List of the Lost

List of the Lost by Morrissey Read Free Book Online

Book: List of the Lost by Morrissey Read Free Book Online
Authors: Morrissey
sexual enlightenment, it does not. The glare could burn a hole in wood, and touch is transmitted optically. The eyes are there for a reason, and the aim is to use whatever it is one has, otherwise why have them? Sexual success is a logically given reality, and it simply becomes a question of weighing a sexual force that races ahead of rationale against the great poetry and drama of thought, whilst checking on the time minute-by-minute as if it were ticking towards death (which it is). A new greeter stares firstly into the eyes and then automatically at the mouth, and we all read the entire expanse of each other’s faces as we speak. It is never merely a matter of just listening; the face is a page, and the voice might sing as it speaks. Tracey tests Harri teasingly by using her playful instinct of disagreeing with everything that he says so that an explosively defensive passion might burst as eyes of anger at least and at last show resolute intent. Often this backfires, but it is all that she can do, and it is the only way that she can signal to a man that she actually likes him. When he reacts with attack, she knows she has won, for her softening smile will calm crashing currents. In her search for a life that is whole, Tracey would, she freely admits, like a trophy man, and let history judge her otherwise and for other reasons in its due course, but let it also be known that she did, at the very, very least, have her trophy man at some stage. It must be that one man whose name becomes synonymous with her own, and a man whose name alone sums up everything, and whose vomit in the shower would not disgust her. Proust and Chagall were all very well, but it is quite something to release the sex imposed on the mind, and to release it with someone of equal will. Meaningless is the act of kindness from strangers, and hurtful is the sighing one-sided obligation as one watches the clock whilst the other is lost in panic and rush, unable to enjoy the living world now that it finally lands with evangelists’ patience. Suddenly a flesh-and-blood figure lies down with you, he of dusky complexion, she free of her very last growing pains whilst knowing each of his eyelashes by heart. This moment shakes the faith of many souls, yet it mostly introduces you to someone you have never before conclusively encountered, and that is: someone like you who likes someone like you.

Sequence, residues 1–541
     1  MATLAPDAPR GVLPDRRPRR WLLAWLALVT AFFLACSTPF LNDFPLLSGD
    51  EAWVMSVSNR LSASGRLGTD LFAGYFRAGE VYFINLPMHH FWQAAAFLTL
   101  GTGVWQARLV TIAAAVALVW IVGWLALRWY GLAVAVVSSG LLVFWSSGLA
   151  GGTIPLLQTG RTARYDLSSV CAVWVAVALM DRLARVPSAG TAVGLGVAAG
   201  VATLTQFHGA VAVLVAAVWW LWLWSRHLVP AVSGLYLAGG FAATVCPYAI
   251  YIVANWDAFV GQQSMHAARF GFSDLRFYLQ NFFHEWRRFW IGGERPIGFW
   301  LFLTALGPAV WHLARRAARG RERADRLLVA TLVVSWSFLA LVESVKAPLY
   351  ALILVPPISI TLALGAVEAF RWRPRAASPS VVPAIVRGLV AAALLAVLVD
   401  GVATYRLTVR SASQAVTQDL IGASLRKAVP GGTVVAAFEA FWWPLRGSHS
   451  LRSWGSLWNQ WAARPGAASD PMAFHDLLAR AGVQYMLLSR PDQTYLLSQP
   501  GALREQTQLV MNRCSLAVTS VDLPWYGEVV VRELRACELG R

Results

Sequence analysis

We do not invent it ourselves, and nor do we ask for it, yet it is our job to find the hour when needs might erupt, as salmons defiantly and insanely jump against the tide for … who knows what reason? It is sex that binds us to life, for it is sex that gave us life, and our four athletes are safe nowhere since their imposing physicality says Yes even when saying No. It’s the No that means Yes. Urgings of want – you feel it if you’ve hiked this far to this very bar – conclude this day with Tracey and Harri predictably under shared sheets, and with Ezra and Eliza coiled atop discarded throws. Nails and Justy are left behind and go their own way; Nails flopped on the bedroom floor with jaggedly soothing music swirling in the background, and Justy pleasing himself by pleasuring himself in ways that predate religion, and no explanations required. We all do whatever we must. In the bed of Tracey and Harri the physical rush is a floodgate – too fast to mean anything, too many court-jester ouches … with their minds already wandering towards whatever will save them in order to make their exit seem polite and timely. In their secrecy, Harri does not like Tracey’s knotted banana toes, and Tracey finds the manly central issue too slight to grip, and although such things ought not to count in the adult mind, somehow they do yet they don’t yet they do yet they don’t.
    Mr Rims once grabbed life and then let it go, having no idea that there would be no second chances. “You’ll nail anything that moves,” they had

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